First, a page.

The Attainment of Happiness

       Happiness may seem like a simple concept at first. Some people might even say they feel it every day. However, when it comes to defining it, many people may offer different ideas.  In the West, we are told that moral integrity and an accumulation of wealth is the key to happiness. In the East, there is more of a focus on the practice of meditation and a service to not only nature, but our fellow man as well. We can look to our ancient past and more recent present to find answers to what it means to be truly happy. 

According to Aristotle, happiness is attainable and universally so. However, there is a catch to this sentiment. As author Mortimer J. Adler explains, “Aristotle went on to explain that in order to have a truly happy life, you cannot judge so when you are young” (Adler 2).  Similar to trying to call a sports game at half-time, it is impossible to say whether or not your life has been good. The match being played is an accumulation of all the plays going into it, and must be judged when the final whistle is blown. This, according to Aristotle, is just like with a human life. The author goes on to give Aristotle’s definition of happiness by saying: “Not only do you need wealth, good health, friendship, but sound moral character as well” (Adler 4). To Aristotle, humans require these basic needs to survive. To prosper, and truly be happy, man must have an upstanding moral character to always make right choices throughout their entire life, and then they will find happiness.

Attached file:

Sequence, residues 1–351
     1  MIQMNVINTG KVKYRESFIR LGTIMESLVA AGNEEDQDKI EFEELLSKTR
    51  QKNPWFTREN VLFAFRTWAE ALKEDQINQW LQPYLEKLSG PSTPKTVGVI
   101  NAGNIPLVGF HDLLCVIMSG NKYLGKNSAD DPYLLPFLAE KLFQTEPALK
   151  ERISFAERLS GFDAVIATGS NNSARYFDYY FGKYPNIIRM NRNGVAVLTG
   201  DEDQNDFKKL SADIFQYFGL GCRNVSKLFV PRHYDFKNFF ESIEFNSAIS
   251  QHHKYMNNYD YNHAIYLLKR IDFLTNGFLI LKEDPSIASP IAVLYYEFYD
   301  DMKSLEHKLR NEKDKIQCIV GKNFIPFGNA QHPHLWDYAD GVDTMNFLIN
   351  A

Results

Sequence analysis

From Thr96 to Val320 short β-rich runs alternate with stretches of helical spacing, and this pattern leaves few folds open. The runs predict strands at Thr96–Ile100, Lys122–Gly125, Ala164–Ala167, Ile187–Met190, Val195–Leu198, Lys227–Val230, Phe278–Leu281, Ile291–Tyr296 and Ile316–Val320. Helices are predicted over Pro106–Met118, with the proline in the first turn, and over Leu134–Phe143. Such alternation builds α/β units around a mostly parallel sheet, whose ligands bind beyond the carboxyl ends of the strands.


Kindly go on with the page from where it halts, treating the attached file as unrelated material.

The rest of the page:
Tibetan Buddhist Monk Matthieu Ricard would have to disagree with some of the statements on happiness that were made by Aristotle and his author. Ricard wastes very little time in his Ted Talk,  giving a definition of happiness based on his Buddhist practice: “Happiness, of course, is such a vague word, so let’s say well-being. And so, I think the best definition, according to the Buddhist view, is that well being is not a mere pleasurable sensation. It is a deep sense of serenity and fulfillment (Ricard 05:28). In this view, Aristotle and Ricard agree about happiness being more than just pleasure. The difference comes in when Ricard says that happiness (or well-being) is actually a sense of serenity and fulfillment that can be achieved right here in the present moment, that we don’t have to wait an entire lifetime to achieve it. As it turns out, according to Ricard, achieving such a state will take some effort on our part. Ricard goes on to explain the plasticity of the brain, and the changes that can be made by doing tasks for tens of thousands of hours, and reinforces physical changes to the connection in our brains (Ricard 14:55). Personally, I do not know about having to do it for tens of thousands of hours (at least not all at once), but by entering mindful meditation practices, I have been able to achieve and maintain the level of well-being, including the serenity and fulfillment that Ricard is talking about. It has taken many years, but I can say from first-hand experience through my own practice that that serenity is just beneath the surface. I just have to remind myself often of it and meditate regularly as well, like a kind of exercise, but it is there.